Ragged, disused billboards advertise
The warnings of street-prophets, whose alphabet
Is characters a fathom high, the void
Filled by a single word, in Greek: Mistake.
Or else in Lingua franca English, Wake
Up! When did we listen to advice?
Austerity digs deeper into debt,
And ancient glaciers calve the weakened ice,
And doom is just what hasn’t happened yet.
We borrow days as fast as Time will lend them,
And vote on Freedom, blighted referendum,
Yet we are always quarrelling when the Persians
Amass their cohorts. The odds are always harsh
On the field of fennel near the brackish marsh.
The Spartans answered him: You ask too soon.
It is the feast of Carneian Apollo,
Our ancient horned god of flock and field,
The field where men are harvesters and harvest,
Where men are yield because they will not yield.
Life for us is debt that must be serviced;
The husbandry of victory is blood,
Blood is the earth’s enrichment, and Man’s fate.
We’re soldiers bred; our orders are to follow,
We are pall-bearers only of the shield:
With it or on it. None, it’s understood,
Returns unless victorious. Too late,
Too late, you say. We answer: you must wait,
As we must wait, the fullness of the moon.
I am the voice that speaks in desert places,
The voice a man hears when he’s most alone,
Among the wilderness, where are no faces,
But sage and thyme; scale, feather, fur, and bone.
I am the voice of everything connected,
And you must tarry here where you most hasten,
I speak to you of all that you’ve neglected,
I am what silence tells you when you listen.
And I’m the voice that trebles in the crowd,
So hectic blood runs gelid as meltwater,
And heart constricts, and strength and youth are cowed,
And men in terror bolt headlong toward slaughter,
Or petrify, limbs heavy and mechanic,
As I shout my name, which soldiers know as Panic.
There’s always trouble brewing in the East,
You hardly need it from the Sibyl’s mouth,
The yellow sands of discord are brought forth
By the ill-winds that blow out of the South,
And there are always powers to the West,
And occupation comes down from the North,
And Safety can’t be purchased, only leased,
And peace is a season brief as it is best.
All monuments are monuments to Threat,
To what was imminent and overcome,
Or what has happened once, lest we forget,
And once again ignore the warning drum,
And that oblivion, blind, deaf, and dumb,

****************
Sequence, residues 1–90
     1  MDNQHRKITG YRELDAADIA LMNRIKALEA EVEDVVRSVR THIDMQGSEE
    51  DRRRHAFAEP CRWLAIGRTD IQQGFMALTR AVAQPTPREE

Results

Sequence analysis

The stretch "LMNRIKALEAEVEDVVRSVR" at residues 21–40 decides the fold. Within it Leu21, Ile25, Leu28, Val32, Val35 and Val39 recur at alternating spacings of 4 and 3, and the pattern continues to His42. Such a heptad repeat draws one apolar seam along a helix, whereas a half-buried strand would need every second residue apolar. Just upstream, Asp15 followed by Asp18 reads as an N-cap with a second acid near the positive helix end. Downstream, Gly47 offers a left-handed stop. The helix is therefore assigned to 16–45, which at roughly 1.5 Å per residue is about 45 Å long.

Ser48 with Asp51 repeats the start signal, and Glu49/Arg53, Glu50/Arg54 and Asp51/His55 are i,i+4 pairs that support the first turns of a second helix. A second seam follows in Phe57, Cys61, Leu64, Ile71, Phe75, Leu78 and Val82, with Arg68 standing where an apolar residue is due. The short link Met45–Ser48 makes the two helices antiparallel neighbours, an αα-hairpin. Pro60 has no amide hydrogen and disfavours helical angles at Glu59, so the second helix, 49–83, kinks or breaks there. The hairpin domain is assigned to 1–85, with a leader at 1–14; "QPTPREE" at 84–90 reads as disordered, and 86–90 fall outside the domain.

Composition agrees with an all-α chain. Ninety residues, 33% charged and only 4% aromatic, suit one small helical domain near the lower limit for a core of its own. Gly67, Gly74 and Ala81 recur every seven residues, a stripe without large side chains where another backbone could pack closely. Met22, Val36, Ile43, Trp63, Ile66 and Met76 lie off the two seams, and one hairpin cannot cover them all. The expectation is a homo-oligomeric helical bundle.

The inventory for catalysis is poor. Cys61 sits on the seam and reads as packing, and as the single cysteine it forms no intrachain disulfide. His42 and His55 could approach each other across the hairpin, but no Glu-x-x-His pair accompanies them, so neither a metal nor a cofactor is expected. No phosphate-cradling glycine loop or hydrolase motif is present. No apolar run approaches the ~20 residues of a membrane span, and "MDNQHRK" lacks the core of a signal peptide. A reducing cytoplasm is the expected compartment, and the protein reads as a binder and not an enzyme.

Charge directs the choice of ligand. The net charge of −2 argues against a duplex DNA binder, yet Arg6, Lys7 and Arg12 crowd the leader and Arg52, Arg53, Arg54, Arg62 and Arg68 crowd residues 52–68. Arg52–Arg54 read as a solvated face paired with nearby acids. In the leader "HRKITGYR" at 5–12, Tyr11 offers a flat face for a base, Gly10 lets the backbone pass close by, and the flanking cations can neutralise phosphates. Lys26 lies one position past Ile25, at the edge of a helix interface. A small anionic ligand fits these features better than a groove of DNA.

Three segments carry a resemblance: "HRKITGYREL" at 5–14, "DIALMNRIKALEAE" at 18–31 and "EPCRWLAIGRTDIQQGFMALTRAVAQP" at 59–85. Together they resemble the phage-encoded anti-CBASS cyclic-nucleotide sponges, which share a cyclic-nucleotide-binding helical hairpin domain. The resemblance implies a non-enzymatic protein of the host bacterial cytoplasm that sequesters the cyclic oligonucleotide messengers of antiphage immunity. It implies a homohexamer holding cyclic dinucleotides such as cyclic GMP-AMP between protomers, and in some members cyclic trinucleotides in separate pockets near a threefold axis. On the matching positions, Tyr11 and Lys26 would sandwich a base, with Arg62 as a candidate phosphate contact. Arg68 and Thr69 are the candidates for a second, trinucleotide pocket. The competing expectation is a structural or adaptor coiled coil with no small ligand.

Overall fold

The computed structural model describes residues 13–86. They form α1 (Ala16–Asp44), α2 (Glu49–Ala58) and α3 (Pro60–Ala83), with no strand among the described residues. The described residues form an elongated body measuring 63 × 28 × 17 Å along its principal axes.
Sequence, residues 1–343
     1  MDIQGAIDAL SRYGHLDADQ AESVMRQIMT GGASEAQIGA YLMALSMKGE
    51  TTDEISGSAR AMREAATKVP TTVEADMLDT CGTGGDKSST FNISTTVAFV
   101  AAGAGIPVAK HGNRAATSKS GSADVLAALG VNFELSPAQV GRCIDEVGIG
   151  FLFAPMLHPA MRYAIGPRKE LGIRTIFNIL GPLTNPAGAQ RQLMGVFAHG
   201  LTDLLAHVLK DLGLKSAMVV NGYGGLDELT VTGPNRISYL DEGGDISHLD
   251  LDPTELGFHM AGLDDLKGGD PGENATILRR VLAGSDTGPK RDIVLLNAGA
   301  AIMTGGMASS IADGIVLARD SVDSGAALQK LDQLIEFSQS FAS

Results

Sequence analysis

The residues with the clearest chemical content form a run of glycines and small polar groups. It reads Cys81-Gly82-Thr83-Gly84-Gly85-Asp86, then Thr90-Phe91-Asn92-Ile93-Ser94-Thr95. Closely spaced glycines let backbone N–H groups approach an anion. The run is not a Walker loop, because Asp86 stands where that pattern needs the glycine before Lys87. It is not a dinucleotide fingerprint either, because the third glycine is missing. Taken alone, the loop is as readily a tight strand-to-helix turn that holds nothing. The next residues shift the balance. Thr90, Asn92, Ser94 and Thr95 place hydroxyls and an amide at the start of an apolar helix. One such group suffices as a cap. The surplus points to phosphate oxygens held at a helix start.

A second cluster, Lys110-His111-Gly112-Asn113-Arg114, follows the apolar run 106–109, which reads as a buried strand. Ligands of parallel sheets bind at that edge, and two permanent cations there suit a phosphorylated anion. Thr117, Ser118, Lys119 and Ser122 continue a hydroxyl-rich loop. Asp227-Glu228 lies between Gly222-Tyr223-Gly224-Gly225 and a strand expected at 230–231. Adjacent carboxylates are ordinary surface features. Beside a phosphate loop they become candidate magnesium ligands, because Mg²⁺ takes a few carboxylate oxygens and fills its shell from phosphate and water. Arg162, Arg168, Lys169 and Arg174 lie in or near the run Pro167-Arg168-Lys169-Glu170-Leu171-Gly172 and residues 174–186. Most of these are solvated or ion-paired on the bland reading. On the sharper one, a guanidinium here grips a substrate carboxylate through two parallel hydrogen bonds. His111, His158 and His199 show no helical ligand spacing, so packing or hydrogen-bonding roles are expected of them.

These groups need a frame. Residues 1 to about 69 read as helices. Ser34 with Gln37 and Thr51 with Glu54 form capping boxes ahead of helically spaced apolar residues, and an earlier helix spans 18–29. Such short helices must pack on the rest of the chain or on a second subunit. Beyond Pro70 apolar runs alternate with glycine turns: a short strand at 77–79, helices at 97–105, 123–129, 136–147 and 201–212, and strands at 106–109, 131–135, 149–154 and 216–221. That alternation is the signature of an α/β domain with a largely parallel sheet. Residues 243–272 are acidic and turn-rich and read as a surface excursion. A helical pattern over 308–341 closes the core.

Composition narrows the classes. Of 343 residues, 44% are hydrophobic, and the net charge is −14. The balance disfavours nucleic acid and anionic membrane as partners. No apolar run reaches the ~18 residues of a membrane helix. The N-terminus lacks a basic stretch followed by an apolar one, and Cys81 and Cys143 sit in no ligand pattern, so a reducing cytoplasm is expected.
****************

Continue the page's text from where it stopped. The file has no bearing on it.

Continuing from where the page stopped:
Should be forgotten for a little yet.
The Road to Sparta is not going to be everyone’s cup of tea. The film is predominantly about running, and it will hardly come as a surprise that lots of people out there don’t give a tinker’s cuss about any kind of sport, let alone running. It tires them out. They just don’t want to watch.
On the other hand, the film veers away from being a pure sports documentary by angling the lens onto ancient Greek history, the run that Pheidippides made from Athens to Sparta in 490 BC to try and rustle up reinforcements to take on the mighty Persians. Herodotus documents the run in his Histories so it must be true.
Four runners. Four stories. One Greek drama.
Sometimes, as any poet will attest, you just have to scratch. You have an idea and it nags at you for hours, days, months, years. You know it is a good idea, but you aren’t sure how to make it happen. You fret that you cannot do justice to this great idea. You worry yourself out of doing anything about it.
And then one day you just settle down and scratch.
When Helen Pinkerton died on December 28, 2017, she left behind a body of verse that, though modestly compact, has great grace and intelligence. However, while her poetry has never lacked for serious admirers, it has not received recognition commensurate with its excellence. In the following pages, I want to explain why she deserves new readers. She was wonderfully unusual—formidably thoughtful and direct, both in person and on the page. She also had a fascinating life, and to the extent that her life illuminates her poems, I hope to tell her story, blending, so to speak, biography with literary appreciation.
Betty Adcock and Claudia Emerson both write in a Southern tradition not so much agrarian as it is domestic. Like other Southern women poets before them—here I’m thinking especially of their press-mate, the late Eleanor Ross Taylor—both poets hew close to the trappings of daily life: a gravel road, a mirror, an axe, a cup, a match. The natural world is very present for them too, but it’s nearly always in its intersection the domestic sphere. My favorite image from Emerson’s work, for example, will forever be Late Wife’s snake curled up in a silverware drawer. In the case of the collections presently under consideration, both poets make use of the materials of everyday life to consider death. Death, after all, is one of those moments when the natural world makes its presence known despite all we’ve done to domesticate our lives. In Adcock’s Rough Fugue, the death most present is that of her husband, Donald. In Emerson’s Claude Before Time and Space, the death is her own.